c.1915 Weymann Style 15 Mandolute Mandolin

The serial on this guy is pretty close to this confirmed 1915 Weymann style 50 so I suppose this one probably dates to 1915 as well. Anyhow, this is the plainest Mandolute I've personally worked on, though as far as mandolins from the time go, it's anything but plain. Weymanns are quality instruments that I think of on the same level as Vega and Martin flatback models. They're a bit different, tonally, though: they sound like an extended-harmonics, fuller-depth bowlback mandolin more than your average flatback. This means that they have a sort of crisp sweetness followed up with a lot of sustain.

My work on this mando included a fret level/dress (which ameliorated a tiny amount of relief in the neck), seam reglues, and hairline crack repair/cleating on the lower bout top and also next to the fretboard extension on the top. I also cut a new bone nut and new, compensated bone bridge and fished a suitable tailpiece from my parts bin.

The result is a great-playing (1/16" at the 12th fret), sweet-sounding (perfect for folk or Celtic circles) mandolin with a "medium" 13 1/2" scale length and professional feel.

Most Weymann "Mandolute" model mandolins have "violin style" raised edges that look a bit like violin edges and also tend to have pretty fancy flamed maple used on the back, sides, and neck. The least-expensive models (like this style 15) don't, however, and usually use mahogany for the back and sides woods. This one uses plain-wrap maple instead and has a mahogany neck.

Rosewood headstock veneer with "open book" headstock. The tuners are old Waverly units with metal buttons. They work fine but have a tiny amount of play during tuning -- like most old mandolin tuners. I always suggest when using vintage tuners to tune down and then back up if you overshoot a note sharp when tuning.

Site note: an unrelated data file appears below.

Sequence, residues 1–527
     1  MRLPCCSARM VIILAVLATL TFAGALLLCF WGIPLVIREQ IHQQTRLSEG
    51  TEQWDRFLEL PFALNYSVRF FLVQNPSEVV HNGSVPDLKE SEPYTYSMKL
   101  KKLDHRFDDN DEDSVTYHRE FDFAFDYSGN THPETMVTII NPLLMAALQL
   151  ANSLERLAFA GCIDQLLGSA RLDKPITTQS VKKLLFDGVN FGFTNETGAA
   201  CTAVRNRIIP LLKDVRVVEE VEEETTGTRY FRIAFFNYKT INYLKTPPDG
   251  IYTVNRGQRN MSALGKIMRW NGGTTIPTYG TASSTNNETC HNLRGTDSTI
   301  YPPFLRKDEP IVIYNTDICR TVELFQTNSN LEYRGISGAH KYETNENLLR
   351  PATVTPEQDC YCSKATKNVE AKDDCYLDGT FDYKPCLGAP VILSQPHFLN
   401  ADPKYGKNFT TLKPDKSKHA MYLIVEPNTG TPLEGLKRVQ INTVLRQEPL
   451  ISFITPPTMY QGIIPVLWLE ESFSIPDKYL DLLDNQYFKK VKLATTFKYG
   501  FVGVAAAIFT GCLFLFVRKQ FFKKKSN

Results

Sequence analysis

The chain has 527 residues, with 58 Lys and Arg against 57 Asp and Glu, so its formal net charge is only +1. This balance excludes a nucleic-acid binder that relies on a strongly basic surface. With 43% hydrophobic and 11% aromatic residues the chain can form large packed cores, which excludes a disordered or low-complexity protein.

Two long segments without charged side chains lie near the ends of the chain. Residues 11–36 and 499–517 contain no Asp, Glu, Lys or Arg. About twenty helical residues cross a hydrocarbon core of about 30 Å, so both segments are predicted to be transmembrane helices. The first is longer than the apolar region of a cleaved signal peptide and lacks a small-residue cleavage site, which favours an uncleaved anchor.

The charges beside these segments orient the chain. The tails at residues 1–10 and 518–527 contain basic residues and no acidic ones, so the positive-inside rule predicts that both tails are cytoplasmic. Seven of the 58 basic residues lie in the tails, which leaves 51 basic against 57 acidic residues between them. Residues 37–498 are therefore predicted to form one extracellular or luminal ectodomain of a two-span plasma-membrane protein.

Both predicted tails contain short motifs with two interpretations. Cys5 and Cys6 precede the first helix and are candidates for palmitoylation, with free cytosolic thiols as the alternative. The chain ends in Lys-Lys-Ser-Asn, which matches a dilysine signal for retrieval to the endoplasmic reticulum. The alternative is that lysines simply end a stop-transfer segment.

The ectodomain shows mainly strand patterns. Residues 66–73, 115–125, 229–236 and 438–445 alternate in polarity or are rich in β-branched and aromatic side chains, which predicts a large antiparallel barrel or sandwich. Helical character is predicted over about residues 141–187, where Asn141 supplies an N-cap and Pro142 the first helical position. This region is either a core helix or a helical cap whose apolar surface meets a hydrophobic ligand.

Pearl dots are inlaid into a dyed-maple board. The frets are (now) in good shape and ready to get going on the next 100 years. Note the rosewood top binding with green/black purfling along the edges. Nice!

The faux-tortoise inlaid celluloid pickguard is typical for Weymanns as is the bound soundhole and that particular type of rosette inlay.

There are no cracks in the back or sides (well, there's one tiny little "bumped edge" on this side seam at the widest point) but the back shows plenty of buckle/playwear. I like the nice deep red the maple was stained on this guy.

Pretty slick-looking tuners, huh?

Good heel joint!

Here you can see how markedly different the Weymann build approach to these "Mandolute" mandolin models were at the time: they have domed tops fitted to sides that "pinch" at the heel and tailpiece area. This creates a voicing effect that's somewhere between a full-fledged woody/warm flatback and a clean/crisp bowlback sound. I like!

While the original tailpiece would have been a Waverly "cloud" type, this parts-bin, slightly beat-up tailpiece works just fine.

Weymann stained the interiors of most of the mandolins I've seen made by them. I love that little label.

1 comment:

Anonymous said...

I have a similar Weymann Mandolute and love it. Very sweet sound, which as you said is perfect for Celtic music.